The piece, “The Force of Nature,” is by artist Lorenzo Quinn and is located on the north side of Wiehle-Reston East Station.
A statement from the artist is below:
“We humans think of ourselves as supreme beings, above all others and in absolute control of our destiny and our surroundings. We live with a false sense of security only to be awakened by Mother Nature’s fury, almost as if she needs to remind us of her presence and our responsibility towards her child (The Earth).
After having seen the ravaged coast of Thailand and the Hurricane that affected the Southern States I decided to create a sculpture dedicated to Mother Nature. This would be reminiscent of the early statues made as peace offerings to the Gods in the hope of quenching their anger.
In essence, people are not very different today from the people who lived thousands of years ago. We still devote ourselves to symbols in order to escape our destiny.”
Photos via Public Art Reston
A spiraling tower of glass created by American glass artist Danny Lane is under construction next to the newly-opened Signature, Boston Properties’ 508-unit apartment building.
The artwork consists of stacked, iron glass on a granite plinth that can also be used as seating. The twisting form is placed at the center of the convergence point between three pedestrian paths.
The art piece is the “focal point” within Signature Park, which contains widened bike path, a play area for children and stairs leading to town center, according to Richard Ellis, Boston Properties’ vice president of development.
The site is under construction as work on landscaping continues, according Anne Delaney, executive director of Public Art Reston.
Here’s more about the piece and the artist from Public Art Reston:
The goal of the artwork is three fold. From macro to micro, our objective for the new Danny Lane sculpture site is: to enrich the civic life of greater Reston; to contribute a permanent sculpture to the Reston Town Center development that introduces a unique and elevating experience and to specifically form a connection between the new Signature residential tower that both harmonizes with the building’s elegant design and serves as a welcoming transition from the adjacent public green space.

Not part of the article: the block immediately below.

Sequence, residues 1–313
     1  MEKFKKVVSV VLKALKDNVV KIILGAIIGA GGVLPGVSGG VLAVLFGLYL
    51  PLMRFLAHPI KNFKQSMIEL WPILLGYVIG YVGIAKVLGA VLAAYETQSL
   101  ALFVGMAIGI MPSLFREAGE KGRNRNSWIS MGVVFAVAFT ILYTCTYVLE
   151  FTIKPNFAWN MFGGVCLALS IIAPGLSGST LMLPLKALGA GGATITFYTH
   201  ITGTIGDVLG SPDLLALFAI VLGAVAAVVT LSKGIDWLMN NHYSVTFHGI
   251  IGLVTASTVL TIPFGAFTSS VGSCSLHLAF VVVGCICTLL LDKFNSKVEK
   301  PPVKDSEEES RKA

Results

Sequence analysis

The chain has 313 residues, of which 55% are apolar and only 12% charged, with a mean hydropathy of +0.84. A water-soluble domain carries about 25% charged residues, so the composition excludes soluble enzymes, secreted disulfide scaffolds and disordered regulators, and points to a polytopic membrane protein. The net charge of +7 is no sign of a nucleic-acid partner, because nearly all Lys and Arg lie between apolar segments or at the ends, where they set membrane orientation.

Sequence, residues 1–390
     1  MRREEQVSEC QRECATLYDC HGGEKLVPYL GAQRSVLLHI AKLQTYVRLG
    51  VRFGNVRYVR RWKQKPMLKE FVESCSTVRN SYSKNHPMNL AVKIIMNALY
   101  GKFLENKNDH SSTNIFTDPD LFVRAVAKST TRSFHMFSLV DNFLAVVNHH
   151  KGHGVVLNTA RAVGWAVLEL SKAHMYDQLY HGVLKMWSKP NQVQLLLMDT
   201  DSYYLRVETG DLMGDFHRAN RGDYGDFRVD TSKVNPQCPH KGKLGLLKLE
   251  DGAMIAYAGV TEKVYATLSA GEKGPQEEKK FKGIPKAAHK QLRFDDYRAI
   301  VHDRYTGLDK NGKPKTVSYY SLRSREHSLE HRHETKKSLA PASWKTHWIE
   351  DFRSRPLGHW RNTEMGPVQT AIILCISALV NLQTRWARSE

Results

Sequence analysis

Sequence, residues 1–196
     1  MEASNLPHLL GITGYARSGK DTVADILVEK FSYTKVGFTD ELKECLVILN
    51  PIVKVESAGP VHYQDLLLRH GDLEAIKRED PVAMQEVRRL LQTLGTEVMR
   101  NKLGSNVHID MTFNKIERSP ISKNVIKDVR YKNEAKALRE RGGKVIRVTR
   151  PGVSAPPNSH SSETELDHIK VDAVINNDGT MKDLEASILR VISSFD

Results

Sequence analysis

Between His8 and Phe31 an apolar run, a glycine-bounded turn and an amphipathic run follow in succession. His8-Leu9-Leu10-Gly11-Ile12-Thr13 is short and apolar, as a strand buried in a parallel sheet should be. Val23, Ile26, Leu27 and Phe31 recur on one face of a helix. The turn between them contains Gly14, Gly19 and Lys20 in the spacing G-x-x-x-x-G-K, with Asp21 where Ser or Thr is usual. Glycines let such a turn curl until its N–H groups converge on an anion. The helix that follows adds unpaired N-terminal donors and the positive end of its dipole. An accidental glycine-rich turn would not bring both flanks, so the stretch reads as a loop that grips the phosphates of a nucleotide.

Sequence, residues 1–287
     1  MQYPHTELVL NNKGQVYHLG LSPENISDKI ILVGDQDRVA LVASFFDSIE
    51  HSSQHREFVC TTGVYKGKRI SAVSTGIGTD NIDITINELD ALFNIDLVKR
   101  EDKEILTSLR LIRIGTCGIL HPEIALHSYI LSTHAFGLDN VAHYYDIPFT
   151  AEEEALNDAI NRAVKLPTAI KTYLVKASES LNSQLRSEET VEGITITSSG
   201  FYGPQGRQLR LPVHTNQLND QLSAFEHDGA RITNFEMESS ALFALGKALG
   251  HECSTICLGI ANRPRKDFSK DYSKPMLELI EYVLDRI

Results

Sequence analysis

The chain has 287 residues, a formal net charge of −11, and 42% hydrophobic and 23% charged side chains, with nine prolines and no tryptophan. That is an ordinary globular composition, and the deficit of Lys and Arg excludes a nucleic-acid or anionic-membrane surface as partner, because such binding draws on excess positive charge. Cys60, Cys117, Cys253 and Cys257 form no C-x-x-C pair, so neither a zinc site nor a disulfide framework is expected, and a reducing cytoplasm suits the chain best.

Danny Lane is an American glass artist currently living and working in London. He is best known for his large scale glass and steel sculptures. Through his work, he contrasts the seeming fragility of glass as a material with the sturdiness of steel to create sculptures that are at once commanding and elegant. His work can be found in collections around the world, from London, to Hong Kong, to the United States.
Photo via Public Art Reston and Danny Lane
Nominations Open for Volunteer Service Awards — Reston Association is seeking nominations for its annual Volunteer Reston Service Awards which recognize individuals, groups, families and businesses that are contributing to the community through volunteer service. Award winners will be announced at a ceremony at The Lake House on April 19. Nominations are due by Feb. 9. [Reston Association]
Artwork Available for Purchase from Monster Drawing Rally — Greater Reston Arts Center is selling remaining artwork from its live monster drawing valley event and fundraiser. During the program, more than 50 artists created artwork on site. Pieces are available online. To purchase, email [email protected] or stop by the gallery. All proceeds benefit the center. [Greater Reston Arts Center]
Election Information Session Set for Jan. 3 — Individuals interested in running for an open seat on RA’s board of directors can attend the information session, which will provide an overview of the elections process and candidates’ roles and responsibilities. The session will take place at RA headquarter (12002 Sunrise Valley Drive) from 7 – 8 p.m. [Reston Association]
Reception to Celebrate Exhibit About Public Art in Reston Tonight — Public Art Reston and Reston Historic & Museum will co-host a reception to celebrate the exhibit Reston: The Art of Community at the museum (1639 Washington Plaza North) from 5:30 – 7 pm. The reception will be followed by a screening of Peabody Award winning director Rebekah Wingert-Jabi’s Fun, Beauty, Fantasy: Reston’s Public Art and A Bird in the Hand – Patrick Dougherty’s Sculptural Installation in Reston, VA from 7 – 8:30 p.m. at the Jo Ann Rose Gallery at Reston Community Center Lake Anne (1609 Washington Plaza North). Attendance is free. RSVP by emailing [email protected] [Public Art Reston]